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Husband, father, grandfather, friend...a few of the roles acquired in 62 years of living.  I keep an upbeat attitude, loving humor and the singular freedom of a perfect laugh.  I don't let curmudgeons ruin my day; that only gives them power over me.  Having experienced death once, I no longer fear it, although I am still frightened by the process of dying.  I love to write because it allows me the freedom to vent those complex feelings that bounce restlessly off the walls of my mind; and express the beauty that can only be found within the human heart.

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Thursday, October 11, 2012

Civil War: Events of October 1862

October 3rd saw the Battle of Corinth, Mississippi.  Union General William Rosecrans defended this vital rail junction from a series of attacks by a Confederate force under General Earl Van Dorn.  Initially successful, the southerners routed the first line of Union defense, a series of rifle pits dug during the siege of Corinth in April.  On the second day, Union counterattacks repulsed and drove the Rebels back.  But Rosecrans failed to pursue and Van Dorn's force escaped.

On October 5th, Van Dorn's retreating forces were attacked by Union forces under General Edward Ord in Hardeman and McNairy counties in Tennessee.  Ord drove the Southerners back five miles to Hatchie's Bridge, for which this battle was named.  Ord was then wounded and command was passed to General Stephen Hurlburt.  A hot fight developed around the bridge, but Van Dorn's scouts found another ford across the Hatchie River, which enabled them to escape destruction yet again.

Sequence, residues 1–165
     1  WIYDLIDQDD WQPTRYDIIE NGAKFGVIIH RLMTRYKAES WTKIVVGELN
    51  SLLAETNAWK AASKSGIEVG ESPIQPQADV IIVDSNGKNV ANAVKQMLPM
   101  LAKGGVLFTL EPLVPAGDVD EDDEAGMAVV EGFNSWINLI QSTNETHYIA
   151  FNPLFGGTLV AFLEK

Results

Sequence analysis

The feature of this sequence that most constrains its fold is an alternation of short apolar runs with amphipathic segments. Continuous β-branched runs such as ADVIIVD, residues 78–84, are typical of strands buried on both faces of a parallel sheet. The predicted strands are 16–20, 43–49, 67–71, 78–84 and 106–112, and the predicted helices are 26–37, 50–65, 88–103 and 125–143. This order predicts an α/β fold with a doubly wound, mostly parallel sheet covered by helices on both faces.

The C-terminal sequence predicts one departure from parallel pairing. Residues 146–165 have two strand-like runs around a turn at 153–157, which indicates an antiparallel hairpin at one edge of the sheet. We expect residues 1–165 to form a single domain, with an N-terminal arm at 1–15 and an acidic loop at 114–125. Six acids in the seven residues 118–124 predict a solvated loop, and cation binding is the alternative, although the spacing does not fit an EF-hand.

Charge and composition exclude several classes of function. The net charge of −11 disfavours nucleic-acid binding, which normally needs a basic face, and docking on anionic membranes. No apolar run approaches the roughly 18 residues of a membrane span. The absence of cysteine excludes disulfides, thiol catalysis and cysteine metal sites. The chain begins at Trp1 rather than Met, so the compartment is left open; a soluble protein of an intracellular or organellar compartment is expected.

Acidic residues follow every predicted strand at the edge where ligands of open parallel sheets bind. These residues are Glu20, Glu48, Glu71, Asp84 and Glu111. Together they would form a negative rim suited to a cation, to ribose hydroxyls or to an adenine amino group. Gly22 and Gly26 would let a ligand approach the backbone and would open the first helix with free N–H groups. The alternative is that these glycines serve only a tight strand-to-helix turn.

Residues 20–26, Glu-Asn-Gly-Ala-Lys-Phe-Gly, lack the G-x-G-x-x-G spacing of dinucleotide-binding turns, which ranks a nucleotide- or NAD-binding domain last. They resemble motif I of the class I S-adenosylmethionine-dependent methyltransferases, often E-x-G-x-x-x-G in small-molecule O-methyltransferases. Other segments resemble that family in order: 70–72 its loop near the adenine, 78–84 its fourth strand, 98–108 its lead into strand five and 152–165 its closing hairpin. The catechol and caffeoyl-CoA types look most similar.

Near Lavergne, TN, a Union force under General Negley met and defeated a combined force of Confederates, including General Nathan Forrest's cavalry.  The Rebels stood their ground for 30 minutes, then fled in disorder leaving behind most of their equipment and 175 prisoners.

Near Perryville, KY on October 8th, the South's Kentucky campaign culminated with a tactical victory by General Braxton Bragg over General Don Carlos Buell.  The South won the battle, but Bragg withdrew to Tennessee within a few days.  It was the largest battle fought in Kentucky, and in terms of the percentage of casualties to troops engaged, one of the bloodiest of the entire war.

On October 9th, J.E.B. Stuart circled McClellan's army for a second time.

On October 16th, Ulysses S. Grant assumed command of the Department of Tennessee.

On the 19th, Bragg moved his army through the Cumberland Gap, effectively escaping General Buell, who, allowing Bragg to escape three times, was relieved of command on the 24th.

Samuel Heintzelman relieved Nathaniel Banks of command of Union forces protecting Washington DC on October 26th.
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